The moral is that the pursuit of foresight is doomed unless there are powerful advocates at the top. The CEQ, technically part of the White House, has never had that sort of power. Somehow, the President and his top advisers need to become convinced that this is a process they cannot ignore.
The House Committee on Energy and Commerce Oversight Subcommittee in May 1982 held hearings on various foresight proposals. They were summarized in a Congressional Research Service report, but nothing else happened.
The Critical Trends Assessment Act. During the ’80s, Representative and then Senator Gore repeatedly introduced variants of a bill to create a foresight process within the White House. He did not press it, and the bill got as far as committee hearings only once. Three Senate committees on April 30, 1985, held a Joint Hearing on the whole issue of foresight. Senator Gore presented his bill, but the committees took no further action. (That bill could still be used as the basis for foresight legislation, perhaps as a way of giving force to NEPA. See below.)
Blueprint for the Environment. During the 1988 presidential campaign, a coalition of 18 major environmental organizations prepared a “Blueprint for the Environment” for the guidance of the incoming U.S. administration. Among dozens of recommendations on environmental issues, the Blueprint said that “U.S. population pressures threaten the environment all across our nation,” and gave some examples. It said that family planning and the availability of contraceptives must be expanded worldwide. It recommended “an official population policy for the United States” and said that “We must assure that federal policies and programs promote a balance between population, resources, and environmental quality.” It went on to propose better decision machinery in the government and a government-wide foresight process reporting directly to the White House Chief of Staff.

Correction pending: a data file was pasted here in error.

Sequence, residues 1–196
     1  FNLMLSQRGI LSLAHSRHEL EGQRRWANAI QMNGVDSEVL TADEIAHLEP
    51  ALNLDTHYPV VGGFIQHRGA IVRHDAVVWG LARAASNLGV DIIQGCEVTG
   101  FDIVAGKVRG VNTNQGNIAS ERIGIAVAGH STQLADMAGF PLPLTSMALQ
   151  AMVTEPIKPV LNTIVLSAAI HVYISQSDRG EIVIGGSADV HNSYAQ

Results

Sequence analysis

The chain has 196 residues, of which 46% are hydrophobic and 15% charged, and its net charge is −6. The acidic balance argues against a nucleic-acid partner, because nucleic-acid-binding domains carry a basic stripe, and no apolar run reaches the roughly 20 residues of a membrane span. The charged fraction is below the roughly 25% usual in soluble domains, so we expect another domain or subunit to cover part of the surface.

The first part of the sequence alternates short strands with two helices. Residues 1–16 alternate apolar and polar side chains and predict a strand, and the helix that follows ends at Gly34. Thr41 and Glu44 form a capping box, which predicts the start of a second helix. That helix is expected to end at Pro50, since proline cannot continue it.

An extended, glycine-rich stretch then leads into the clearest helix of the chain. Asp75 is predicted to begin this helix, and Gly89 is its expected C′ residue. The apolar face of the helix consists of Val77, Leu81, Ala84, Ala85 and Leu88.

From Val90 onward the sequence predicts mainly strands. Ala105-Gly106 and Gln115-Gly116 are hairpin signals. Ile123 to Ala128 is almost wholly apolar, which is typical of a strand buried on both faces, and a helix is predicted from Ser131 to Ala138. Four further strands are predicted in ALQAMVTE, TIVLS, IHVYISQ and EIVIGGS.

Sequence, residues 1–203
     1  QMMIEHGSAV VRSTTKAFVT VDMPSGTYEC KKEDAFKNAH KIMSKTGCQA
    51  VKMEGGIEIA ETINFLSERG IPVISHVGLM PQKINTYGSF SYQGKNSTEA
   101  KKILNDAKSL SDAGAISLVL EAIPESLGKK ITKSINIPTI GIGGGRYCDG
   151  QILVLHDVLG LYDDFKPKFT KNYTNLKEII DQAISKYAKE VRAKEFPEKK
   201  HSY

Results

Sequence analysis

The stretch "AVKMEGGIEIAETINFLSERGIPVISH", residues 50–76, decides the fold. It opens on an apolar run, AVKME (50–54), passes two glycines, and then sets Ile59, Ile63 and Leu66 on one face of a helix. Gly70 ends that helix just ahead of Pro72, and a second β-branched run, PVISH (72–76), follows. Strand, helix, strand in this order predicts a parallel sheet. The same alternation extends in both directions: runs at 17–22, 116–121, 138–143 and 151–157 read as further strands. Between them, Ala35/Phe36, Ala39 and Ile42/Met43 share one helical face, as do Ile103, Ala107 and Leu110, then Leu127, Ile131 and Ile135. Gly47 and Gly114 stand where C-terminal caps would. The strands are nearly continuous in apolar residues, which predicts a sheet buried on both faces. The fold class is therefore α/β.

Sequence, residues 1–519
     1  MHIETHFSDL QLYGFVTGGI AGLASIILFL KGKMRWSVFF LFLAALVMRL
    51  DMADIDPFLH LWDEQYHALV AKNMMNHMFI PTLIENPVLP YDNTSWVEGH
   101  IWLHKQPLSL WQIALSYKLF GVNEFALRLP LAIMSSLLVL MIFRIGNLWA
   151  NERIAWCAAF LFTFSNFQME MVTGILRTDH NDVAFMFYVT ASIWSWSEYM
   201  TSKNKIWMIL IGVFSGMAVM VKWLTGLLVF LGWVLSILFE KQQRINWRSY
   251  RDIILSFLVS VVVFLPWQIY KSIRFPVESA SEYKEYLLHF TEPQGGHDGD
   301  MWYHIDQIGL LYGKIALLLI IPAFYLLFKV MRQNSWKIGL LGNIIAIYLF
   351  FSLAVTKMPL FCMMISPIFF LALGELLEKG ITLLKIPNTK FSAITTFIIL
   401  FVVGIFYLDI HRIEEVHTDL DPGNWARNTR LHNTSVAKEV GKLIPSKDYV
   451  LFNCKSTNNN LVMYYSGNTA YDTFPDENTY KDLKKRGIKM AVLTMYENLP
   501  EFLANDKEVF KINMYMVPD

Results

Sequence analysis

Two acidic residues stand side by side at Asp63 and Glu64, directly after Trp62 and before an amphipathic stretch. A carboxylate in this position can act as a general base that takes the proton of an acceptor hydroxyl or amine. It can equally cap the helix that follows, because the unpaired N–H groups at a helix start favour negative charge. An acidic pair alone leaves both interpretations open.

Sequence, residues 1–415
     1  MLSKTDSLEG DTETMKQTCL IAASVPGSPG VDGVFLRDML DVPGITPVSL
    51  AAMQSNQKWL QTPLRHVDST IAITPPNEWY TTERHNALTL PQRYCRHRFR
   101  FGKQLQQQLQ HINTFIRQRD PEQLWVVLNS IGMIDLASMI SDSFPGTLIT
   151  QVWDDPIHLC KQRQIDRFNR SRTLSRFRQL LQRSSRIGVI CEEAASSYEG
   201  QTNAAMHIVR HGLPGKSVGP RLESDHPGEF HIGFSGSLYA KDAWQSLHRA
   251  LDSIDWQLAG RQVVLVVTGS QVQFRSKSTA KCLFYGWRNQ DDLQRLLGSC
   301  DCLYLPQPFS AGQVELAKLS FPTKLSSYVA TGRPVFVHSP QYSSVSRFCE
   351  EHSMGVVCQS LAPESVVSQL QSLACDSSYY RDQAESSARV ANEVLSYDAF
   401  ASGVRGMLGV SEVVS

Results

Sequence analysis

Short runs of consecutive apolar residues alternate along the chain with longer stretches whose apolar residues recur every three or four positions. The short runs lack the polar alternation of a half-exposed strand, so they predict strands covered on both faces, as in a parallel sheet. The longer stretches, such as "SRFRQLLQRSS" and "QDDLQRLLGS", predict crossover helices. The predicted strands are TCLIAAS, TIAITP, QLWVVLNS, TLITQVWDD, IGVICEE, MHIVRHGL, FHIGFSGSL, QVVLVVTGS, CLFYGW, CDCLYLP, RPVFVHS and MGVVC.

Nothing happened. What is perhaps worse, the environmental organizations that sponsored the Blueprint have, with one exception, subsequently avoided addressing the two things that drive population growth: immigration and fertility. One did not expect a strong environmental position from President Bush, but the timidity of the environmental organizations themselves is a shocking reminder how far the nation is from a population policy.1
The President’s Council on Sustainable Development (PCSD). Like President Reagan and the GIWG (above), President Clinton saw that “sustainability” had a constituency; on June 14, 1993, he created the PCSD. Its mandate was equivocal from the start. The President charged it with helping to “grow the economy and preserve the environment … ,” objectives that may be expected to conflict. It was a mixed body with members from the Cabinet, environmentalists, labor leaders, industrialists and a mix by sex, race and ethnicity. Population and consumption — two of the critical elements of sustainability — were initially not even in its scope. They were introduced, over opposition, at the instance of Council member and Undersecretary of State Timothy Wirth.
The PCSD showed that even such a diverse group can recognise the need to stop population growth. They were not alone in their inability to face the tough decisione that would be needed to do it.